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A leading early years organisation has warned that parents may struggle to access flexible childcare under the 30-hour offer as new Ofsted statistics revealed a continued sharp decline in childminder numbers.
According to the latest figures released today, there are now less than 43,500 childminders in England, a fall of 500 since December and a fall of 24% compared to August 2012.
The number of childcare providers that are not childminders increased by 100 in the first three months of 2017 to 27,000. However, this is down 3% since 31 August 2012.
Despite decreasing numbers of providers, the government says the number of childcare places offered by providers on the Early Years Register has remained broadly stable since August 2012.
The statistics also confirm that the number of all early years providers rated ‘good’ or ‘outstanding’ by Ofsted has remained at a high of 93% (compared to 74% in August 2012).
Neil Leitch, chief executive of the Pre-school Learning Alliance said: “It is very positive to see the number of ‘good’ and ‘outstanding’ early years providers remaining at an all-time high. This is a testament to the hard work and dedication of those working in the sector, despite an ongoing lack of financial support from government.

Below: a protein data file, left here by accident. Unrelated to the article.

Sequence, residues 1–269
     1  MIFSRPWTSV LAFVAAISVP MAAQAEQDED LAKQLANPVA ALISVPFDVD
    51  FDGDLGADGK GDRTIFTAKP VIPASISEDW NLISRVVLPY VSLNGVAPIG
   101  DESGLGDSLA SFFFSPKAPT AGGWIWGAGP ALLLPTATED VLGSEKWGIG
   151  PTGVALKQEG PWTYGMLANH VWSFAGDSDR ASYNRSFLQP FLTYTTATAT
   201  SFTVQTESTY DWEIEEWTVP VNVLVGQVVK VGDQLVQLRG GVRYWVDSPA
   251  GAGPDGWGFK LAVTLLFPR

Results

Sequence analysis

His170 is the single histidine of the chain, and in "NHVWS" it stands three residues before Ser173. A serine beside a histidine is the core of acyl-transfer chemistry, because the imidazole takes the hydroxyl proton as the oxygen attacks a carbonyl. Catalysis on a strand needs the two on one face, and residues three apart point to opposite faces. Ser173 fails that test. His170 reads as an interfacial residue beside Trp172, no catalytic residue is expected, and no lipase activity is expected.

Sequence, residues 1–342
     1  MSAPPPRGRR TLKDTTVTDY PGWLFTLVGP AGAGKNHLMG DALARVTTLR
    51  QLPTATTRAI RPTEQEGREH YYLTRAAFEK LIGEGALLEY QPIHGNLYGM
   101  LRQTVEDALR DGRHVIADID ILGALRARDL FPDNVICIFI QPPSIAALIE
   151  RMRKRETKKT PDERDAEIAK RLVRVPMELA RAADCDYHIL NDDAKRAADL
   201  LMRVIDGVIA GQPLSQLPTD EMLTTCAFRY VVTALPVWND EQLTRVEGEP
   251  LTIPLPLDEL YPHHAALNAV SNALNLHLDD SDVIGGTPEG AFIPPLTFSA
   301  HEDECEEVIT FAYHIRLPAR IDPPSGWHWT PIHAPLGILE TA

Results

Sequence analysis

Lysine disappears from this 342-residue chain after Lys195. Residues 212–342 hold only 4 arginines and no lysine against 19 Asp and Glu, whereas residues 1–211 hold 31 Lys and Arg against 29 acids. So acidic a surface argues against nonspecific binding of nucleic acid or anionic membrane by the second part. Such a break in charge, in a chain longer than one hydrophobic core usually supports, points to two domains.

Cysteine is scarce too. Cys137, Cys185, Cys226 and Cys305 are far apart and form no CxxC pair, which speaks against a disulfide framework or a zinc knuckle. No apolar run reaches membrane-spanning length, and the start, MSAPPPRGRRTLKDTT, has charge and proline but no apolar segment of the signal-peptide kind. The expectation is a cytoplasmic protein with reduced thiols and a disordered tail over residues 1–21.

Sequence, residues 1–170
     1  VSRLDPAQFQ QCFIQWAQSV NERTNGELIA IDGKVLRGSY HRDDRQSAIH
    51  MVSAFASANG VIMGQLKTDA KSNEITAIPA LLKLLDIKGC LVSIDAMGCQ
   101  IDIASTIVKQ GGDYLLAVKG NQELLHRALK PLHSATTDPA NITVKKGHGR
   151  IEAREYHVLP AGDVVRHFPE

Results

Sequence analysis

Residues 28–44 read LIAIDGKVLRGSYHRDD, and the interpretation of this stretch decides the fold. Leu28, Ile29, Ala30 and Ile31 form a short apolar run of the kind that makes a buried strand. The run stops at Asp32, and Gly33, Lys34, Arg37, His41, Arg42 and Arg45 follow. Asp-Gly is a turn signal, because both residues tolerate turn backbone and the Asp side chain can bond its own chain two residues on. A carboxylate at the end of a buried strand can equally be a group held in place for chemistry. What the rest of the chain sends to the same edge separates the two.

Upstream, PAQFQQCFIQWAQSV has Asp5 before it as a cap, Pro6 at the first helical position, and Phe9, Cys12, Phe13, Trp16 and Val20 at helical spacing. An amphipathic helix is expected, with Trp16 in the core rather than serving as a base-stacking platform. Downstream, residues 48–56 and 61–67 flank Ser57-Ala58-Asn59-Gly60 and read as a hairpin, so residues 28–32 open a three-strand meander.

“That said, it is incredibly concerning to see such a continued decline in the number of childminders. Childminders are a vital source of quality, flexible early years care and education and yet, every time Ofsted releases new statistics, we see yet another fall in numbers. This is simply not sustainable.
“With the implementation of the 30-hour offer imminent, childminders will play a vital role in delivering the flexible childcare that government has promised to parents. The question is, then: why isn’t more being done to address this worrying trend?
“The introduction of childminder agencies, which we long warned was a deeply flawed policy, has done nothing to prevent childminders leaving the sector in droves. The government must now work with the childminding sector to look at what can be done to ensure that such a vital source of quality provision is not wasted.”